In Sunday's contentious Democratic debate, Al Gore augmented his litany of Bill Bradley's sins by declaring: "He opposed our participation in Bosnia." Bradley protested: "I didn't oppose our participation in Bosnia." This is a matter of fact, not opinion, and the facts are with Bradley.
In 1995, then-Sen. Bradley voted against a narrowly defeated resolution opposing President Clinton's dispatch of troops in Bosnia. Why, then, did the vice president say something that was untrue? Partly because he was disgorging the negative research on Bradley compiled by his staff. Partly because that is just the way Al Gore has always campaigned.
To use one of Gore's favorite words, it is a "risky" way to run for president in the climate of 2000. His attack mode--punctuated by grimaces and sighs while Bradley was talking--did not please many of his supporters whom I contacted.
"I wasn't comfortable with either [candidate]," said a longtime Democratic National Committee member who backs Gore. "I wish I could get my $1,000 [contribution] back," commented an aide to a former Democratic president. "I'm still for Gore, but Bradley seems comfortable, more at ease," said a onetime presidential campaign manager.
Gore looked so uncomfortable that two of America's top political reporters described his Sunday performance to me as "desperate." Actually, with Gore well ahead of Bradley everywhere outside the Northeast, it is too soon for desperation. Rather, the frenetic style, accompanied by whacking of his opponent, has characterized Gore's past campaigns. But it is sure to violate his pledge made, however inadvertently, in the last debate.
"Will you commit not to run any negative ads?" asked Bradley. "Absolutely," replied Gore. "I will never run a personal negative attack against you." Bradley caught the word "personal" and persisted in seeking a broader promise. "No, no," he said. "No attack ads?" Gore: "Absolutely."
But that apparent pledge creates a massive conflict with the kind of campaigning Gore has always done and plans to keep doing. Sources in his campaign said that there definitely will be "comparative" television commercials--the euphemism for attack ads. The problem with Gore's comparisons is that they often misrepresent the opponent's position, never more blatantly than with Bosnia. In the Dartmouth debate Oct. 27, Gore insinuated that Bradley was out of step on this issue and made clear his false allegation on "Meet the Press."
The Gore campaign handout released after Sunday's debate documents his accusation with 1994 and 1995 reports by United Press International, the Asbury Park (N.J.) Press and the Bergen County (N.J.) Record. However, these sources show Bradley not criticizing intervention in Bosnia but instead criticizing Clinton's failure to act decisively against Serbian aggression. The Record of Dec. 14, 1995, noted that "Bradley said he supports the deployment of U.S. troops to Bosnia" and voted in favor of it. To include this as documentation of the vice president's accusations requires a certain audacity.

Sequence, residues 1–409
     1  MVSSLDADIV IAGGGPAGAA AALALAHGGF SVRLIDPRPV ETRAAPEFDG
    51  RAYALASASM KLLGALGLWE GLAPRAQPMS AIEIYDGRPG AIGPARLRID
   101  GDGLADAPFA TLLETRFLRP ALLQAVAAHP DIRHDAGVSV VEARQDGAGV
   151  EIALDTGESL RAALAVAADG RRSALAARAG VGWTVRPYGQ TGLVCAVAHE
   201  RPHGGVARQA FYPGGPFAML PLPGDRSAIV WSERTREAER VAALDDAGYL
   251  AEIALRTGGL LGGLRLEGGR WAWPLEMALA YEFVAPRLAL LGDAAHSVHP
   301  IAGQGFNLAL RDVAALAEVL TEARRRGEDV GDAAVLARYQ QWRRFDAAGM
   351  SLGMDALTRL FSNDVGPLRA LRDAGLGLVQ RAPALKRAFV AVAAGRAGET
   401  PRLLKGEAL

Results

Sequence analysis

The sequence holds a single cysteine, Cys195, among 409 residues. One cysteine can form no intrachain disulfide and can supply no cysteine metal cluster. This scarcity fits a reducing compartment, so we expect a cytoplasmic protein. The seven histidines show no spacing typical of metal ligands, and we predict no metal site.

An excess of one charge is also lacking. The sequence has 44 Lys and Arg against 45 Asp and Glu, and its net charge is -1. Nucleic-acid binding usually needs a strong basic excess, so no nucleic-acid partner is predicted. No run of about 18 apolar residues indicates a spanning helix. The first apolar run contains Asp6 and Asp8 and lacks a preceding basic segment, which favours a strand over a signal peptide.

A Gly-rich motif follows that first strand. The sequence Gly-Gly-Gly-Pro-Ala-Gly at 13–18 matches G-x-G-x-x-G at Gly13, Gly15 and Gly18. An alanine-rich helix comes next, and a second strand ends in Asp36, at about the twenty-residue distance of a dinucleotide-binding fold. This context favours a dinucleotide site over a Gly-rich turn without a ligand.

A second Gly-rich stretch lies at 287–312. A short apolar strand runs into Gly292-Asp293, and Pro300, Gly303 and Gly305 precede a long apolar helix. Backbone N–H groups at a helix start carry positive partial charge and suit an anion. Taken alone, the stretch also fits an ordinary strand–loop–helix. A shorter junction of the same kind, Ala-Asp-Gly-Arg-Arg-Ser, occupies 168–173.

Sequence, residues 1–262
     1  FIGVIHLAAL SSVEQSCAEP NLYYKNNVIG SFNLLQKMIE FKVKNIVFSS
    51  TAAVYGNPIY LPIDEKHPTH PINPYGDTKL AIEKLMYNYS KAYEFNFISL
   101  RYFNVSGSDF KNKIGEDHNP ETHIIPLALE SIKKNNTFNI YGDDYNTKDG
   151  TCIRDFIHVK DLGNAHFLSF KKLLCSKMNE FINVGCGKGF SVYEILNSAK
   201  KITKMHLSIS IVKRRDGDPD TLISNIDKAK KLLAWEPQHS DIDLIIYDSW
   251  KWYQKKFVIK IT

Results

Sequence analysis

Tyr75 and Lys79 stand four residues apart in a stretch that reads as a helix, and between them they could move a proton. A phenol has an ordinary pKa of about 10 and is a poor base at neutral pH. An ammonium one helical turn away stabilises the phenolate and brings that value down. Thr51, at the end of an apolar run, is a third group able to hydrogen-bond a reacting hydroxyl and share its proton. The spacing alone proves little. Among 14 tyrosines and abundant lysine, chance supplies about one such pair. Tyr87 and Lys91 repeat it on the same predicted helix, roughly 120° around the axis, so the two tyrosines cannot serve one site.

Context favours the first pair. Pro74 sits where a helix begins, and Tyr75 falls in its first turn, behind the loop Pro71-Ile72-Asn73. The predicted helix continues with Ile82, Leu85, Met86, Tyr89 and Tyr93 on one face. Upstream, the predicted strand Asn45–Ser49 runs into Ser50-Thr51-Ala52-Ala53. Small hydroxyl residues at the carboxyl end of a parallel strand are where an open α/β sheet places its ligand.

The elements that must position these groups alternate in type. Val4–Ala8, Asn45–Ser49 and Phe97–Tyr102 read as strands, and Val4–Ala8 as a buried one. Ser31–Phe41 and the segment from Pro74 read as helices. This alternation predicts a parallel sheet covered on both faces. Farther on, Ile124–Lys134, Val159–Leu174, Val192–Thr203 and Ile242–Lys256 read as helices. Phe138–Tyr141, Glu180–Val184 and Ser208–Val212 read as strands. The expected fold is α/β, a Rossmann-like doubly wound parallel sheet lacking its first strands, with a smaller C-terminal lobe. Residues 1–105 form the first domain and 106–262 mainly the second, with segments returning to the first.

More relevant to Gore's attack is his often-stated claim, repeated Sunday, that Bradley would end Medicaid and substitute "vouchers that are limited to $150 a month." Whatever the merits of Bradley's expensive health program, it does not offer "vouchers"--but voucher has become a buzzword for liberals. Bradley's plan for poor families, his campaign estimates, would provide an average of $417 a month.
"I have never launched a personal negative attack, and I never will," Gore claimed during the last debate. Yet, the record is abundant that he has always campaigned this way.
In his 1988 presidential campaign, Sen. Gore mercilessly attacked Rep. Richard Gephardt. "Who is the real Dick Gephardt?" asked a Gore commercial one week before Super Tuesday. "Is it the man who says it's our fight or the one whose campaign is financed by big corporations?" As for Michael Dukakis, a Gore commercial at the same time asserted that he "seems to say he wouldn't object to the Soviets establishing client states in our hemisphere."
When I recently noted to a high-ranking Democrat that Republican George W. Bush led Gore in polls all over the country, he replied evenly: "He won't be when we get through with him." The approach to Bradley is not desperation but preparation for the bigger battle ahead.
In my last column, the Republican running against Democratic Rep. Sanford Bishop in Georgia was incorrectly identified. He is Dylan Glenn.
(c) 1999, Creators Syndicate Inc.